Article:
The concern about personalization is that individuals in the household may research a medical condition that they aren’t ready to discuss with a family member. With persistent personalization using an IP address, information can be surfaced to the following user that visits the site. You may be asking yourself, “How likely is that?” Using my family as an example, we all use the same clinic for multiple areas of healthcare. Cross-personalization confusion is more likely than you may think.

Today’s research may not match tomorrow’s needs 

There’s another inherent issue with personalization in healthcare, today’s needs may not align with tomorrow. Someone researching providers for a sprained ankle this week will not likely need the same services in two weeks. The deprecation of data must align with the changing needs of a patient.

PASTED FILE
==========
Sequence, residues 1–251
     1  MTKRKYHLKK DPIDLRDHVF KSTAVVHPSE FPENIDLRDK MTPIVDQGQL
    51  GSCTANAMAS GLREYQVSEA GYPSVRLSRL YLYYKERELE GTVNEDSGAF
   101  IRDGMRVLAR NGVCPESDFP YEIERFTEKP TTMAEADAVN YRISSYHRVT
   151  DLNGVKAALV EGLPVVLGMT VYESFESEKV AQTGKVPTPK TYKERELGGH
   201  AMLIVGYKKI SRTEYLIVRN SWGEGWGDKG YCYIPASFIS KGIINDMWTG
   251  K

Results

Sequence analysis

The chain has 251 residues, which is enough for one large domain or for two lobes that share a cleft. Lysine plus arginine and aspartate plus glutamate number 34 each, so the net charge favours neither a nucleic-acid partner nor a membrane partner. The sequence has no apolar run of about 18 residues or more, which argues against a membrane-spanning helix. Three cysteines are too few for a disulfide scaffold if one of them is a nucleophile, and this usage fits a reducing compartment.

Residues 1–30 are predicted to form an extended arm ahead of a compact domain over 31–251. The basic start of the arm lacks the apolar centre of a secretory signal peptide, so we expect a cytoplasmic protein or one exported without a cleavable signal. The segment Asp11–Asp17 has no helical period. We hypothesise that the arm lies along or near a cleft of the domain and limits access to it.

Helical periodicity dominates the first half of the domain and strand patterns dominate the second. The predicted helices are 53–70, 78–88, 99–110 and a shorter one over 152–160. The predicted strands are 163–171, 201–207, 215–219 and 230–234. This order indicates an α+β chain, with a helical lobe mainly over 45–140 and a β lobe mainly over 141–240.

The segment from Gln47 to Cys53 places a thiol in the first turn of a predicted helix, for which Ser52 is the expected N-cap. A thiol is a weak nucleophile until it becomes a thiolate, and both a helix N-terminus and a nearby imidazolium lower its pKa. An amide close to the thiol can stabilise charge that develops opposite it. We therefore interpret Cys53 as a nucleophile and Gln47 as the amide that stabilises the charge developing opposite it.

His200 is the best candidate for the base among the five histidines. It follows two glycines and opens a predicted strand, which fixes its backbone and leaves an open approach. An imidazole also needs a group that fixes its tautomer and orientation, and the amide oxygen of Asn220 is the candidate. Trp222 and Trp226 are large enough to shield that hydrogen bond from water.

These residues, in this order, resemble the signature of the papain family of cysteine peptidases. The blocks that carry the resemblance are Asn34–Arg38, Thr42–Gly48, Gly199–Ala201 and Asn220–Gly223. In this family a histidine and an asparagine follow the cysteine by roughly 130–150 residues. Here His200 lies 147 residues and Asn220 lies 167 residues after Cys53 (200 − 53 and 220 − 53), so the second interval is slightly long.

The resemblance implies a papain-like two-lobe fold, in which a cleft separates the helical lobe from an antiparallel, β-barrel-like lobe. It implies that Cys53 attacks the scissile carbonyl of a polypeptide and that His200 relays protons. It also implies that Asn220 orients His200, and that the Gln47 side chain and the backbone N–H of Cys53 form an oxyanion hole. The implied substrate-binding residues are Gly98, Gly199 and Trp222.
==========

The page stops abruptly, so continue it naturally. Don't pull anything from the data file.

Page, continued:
Establishing research timelines based on the services being viewed could be beneficial when using persistent personalization. 

An example of data deprecation may look something like this (no data was harmed with these non-scientific suggested timelines):

  1. Sprain – 2 days
  2. Pregnancy – 1 month
  3. Long-term care – 2 months

That’s a very oversimplified list. You can imagine the number of permutations you’d need to consider using a binary personalization strategy like this. Attempting to do personalization this way adds another layer of complexity to the ability for an organization to personalize for an individual, not to mention the complication of the potential challenges of a shared family computer.

So what? These are tough challenges. Do you just give up? There has to be a better way to deliver a personalized experience while avoiding these pitfalls.

A solution

In an effort to remedy the situation, medical professionals can leverage intent data, in session engagement and content recommendations via machine learning/artificial intelligence (ML/AI).

Content Recommendations solve the issues via the following:

Storing of PHI – With in-session personalization, no PHI is needed to personalize the content.